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This week, Together for the Gospel is being held in downtown Louisville. This time next year, The Gospel Coalition will be held in Indianapolis. Between now and then, dozens, if not hundreds of large, evangelical conferences will take place across the United States, and really throughout the world.
Conferences are often derided for any number of reasons, and some of the criticism is fair. No conference is perfect. Every conference, its speakers, and its accommodations have their flaws. They could be more racially diverse. They could be less celebratory of celebrity pastors. They could be so much better in so many ways. But they aren’t, and that’s OK.
Like so many things in life and ministry, Christian conferences can be mistaken as the end of ministry when they are no more than the means. We are wrong when we think so highly of conferences that we hope to be on stage one day or we wish our church was more like the conferences.
We are wrong to make idols of the stage or the people on it, and it can be easy to do so. But, that doesn’t mean the conference isn’t helpful or good, either.
So, the question one may ask is, “If conferences can be messed up and can lead me to idolatry, why should I even consider going?
Once a year or so, it’s nice to take a few days, step back from the daily grind and the monotonous routine of life to meet new people, hold encouraging conversations, and forge forever friendships. Whether you do that with your church or organization staff in a cabin in the woods, in a house by the beach, or over a few days at a conference, it’s nice to retreat to a place and be encouraged.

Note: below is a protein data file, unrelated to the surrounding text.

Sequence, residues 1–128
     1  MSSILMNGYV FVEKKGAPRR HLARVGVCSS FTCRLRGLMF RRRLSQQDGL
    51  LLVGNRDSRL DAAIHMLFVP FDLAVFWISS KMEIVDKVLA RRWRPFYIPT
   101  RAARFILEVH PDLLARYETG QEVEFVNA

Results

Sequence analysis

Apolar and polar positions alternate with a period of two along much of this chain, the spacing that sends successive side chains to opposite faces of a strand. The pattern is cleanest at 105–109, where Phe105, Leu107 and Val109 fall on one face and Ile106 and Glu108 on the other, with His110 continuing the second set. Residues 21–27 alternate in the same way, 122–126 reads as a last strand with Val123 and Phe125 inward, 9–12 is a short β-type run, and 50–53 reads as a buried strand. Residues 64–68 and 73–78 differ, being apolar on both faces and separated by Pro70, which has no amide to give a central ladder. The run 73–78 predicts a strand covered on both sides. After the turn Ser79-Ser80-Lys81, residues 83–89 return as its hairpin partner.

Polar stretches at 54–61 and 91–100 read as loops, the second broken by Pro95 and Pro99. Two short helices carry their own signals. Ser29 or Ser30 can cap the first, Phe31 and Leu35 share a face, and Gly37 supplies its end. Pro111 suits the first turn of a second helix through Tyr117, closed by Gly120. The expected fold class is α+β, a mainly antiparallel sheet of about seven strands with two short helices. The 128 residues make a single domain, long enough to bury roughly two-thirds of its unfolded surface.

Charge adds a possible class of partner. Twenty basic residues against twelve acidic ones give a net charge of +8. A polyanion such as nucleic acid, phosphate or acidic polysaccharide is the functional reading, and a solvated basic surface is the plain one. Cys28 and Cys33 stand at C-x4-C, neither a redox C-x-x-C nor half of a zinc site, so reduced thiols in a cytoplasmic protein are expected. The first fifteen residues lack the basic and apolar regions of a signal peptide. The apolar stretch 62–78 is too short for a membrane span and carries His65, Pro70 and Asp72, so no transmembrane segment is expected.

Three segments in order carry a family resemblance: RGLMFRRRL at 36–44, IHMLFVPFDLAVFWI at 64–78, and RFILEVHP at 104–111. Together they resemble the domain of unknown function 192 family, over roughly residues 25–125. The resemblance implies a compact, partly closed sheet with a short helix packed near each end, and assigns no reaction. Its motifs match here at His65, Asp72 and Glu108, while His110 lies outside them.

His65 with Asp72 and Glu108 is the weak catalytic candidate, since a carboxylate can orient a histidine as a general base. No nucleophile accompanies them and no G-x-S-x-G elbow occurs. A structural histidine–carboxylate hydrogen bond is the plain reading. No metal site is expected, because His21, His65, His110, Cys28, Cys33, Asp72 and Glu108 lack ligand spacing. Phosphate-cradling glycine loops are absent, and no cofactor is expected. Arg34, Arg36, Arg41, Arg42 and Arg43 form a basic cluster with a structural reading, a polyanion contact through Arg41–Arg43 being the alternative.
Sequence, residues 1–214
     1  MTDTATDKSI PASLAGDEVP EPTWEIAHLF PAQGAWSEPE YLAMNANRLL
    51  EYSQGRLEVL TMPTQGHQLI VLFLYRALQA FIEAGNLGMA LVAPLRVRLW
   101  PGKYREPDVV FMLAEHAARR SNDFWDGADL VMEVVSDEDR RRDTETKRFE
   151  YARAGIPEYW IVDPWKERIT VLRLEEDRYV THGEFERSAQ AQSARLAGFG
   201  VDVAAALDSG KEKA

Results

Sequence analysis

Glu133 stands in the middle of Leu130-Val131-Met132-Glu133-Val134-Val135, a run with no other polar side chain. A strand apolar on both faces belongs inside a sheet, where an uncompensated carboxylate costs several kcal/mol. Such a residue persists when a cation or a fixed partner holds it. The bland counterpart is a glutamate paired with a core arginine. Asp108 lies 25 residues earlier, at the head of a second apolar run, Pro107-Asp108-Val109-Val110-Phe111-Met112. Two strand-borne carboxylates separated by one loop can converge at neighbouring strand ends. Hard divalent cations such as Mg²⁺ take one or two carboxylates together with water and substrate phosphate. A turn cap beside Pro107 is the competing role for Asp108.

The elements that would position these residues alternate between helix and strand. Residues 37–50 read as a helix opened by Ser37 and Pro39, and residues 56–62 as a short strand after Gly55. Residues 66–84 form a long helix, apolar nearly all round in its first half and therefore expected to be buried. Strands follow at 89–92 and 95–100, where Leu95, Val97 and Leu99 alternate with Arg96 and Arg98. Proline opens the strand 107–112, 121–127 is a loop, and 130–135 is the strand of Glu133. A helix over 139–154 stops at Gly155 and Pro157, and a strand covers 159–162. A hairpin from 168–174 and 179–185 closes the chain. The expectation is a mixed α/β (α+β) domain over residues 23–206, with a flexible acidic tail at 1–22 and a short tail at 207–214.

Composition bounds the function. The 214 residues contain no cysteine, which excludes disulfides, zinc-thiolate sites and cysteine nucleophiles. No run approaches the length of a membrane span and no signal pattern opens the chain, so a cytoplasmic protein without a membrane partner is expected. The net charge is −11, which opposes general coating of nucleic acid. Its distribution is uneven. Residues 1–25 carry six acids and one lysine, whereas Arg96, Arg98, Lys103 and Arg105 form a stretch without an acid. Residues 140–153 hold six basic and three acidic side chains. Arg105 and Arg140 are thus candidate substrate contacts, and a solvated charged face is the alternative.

The conference isn’t about the speakers. It’s not about the travel. It’s not about the food. It’s not even about the free books. Everyone gets something else out of the conference, but ultimately, Christian conferences are most valuable when they’re used for friendship and encouragement.
It’s so cool to walk around the conference center or the book store or the coffee shop, strike up a conversation with a total stranger, and be encouraged. I have made a number of friends at conferences over the years, and have even squeezed a job opportunity or two out of them.
Conferences aren’t about celebrity worship. Is it cool to hear some of the best writers and speakers you know live? Of course it is, but for many, and definitely for me, that’s not really the point. The point is building relationships with people who are gathered with you in the same place for the same reason for a short period of time.
The local church is God’s Plan A for his work in the world, and there is no Plan B. The local church needs to be the primary place through which we minister and by whom we led in our walks with Christ. But, the Christian conference space, no matter which one(s) you like to attend, is a blessing.
If you’re at Together for the Gospel this week, remember to make a new friend and grab a cup of coffee with someone you’ve never met before. If you haven’t ever attended a Christian conference or haven’t in some time, make time in your schedule and space in your budget to stop by The Gospel Coalition next year, or another conference you’d like more than that one.
You’ll be encouraged. I always am.
What’s the point of Christian conferences? Well, it depends, but for me, the point is to build friendships through encouraging conversations with complete strangers.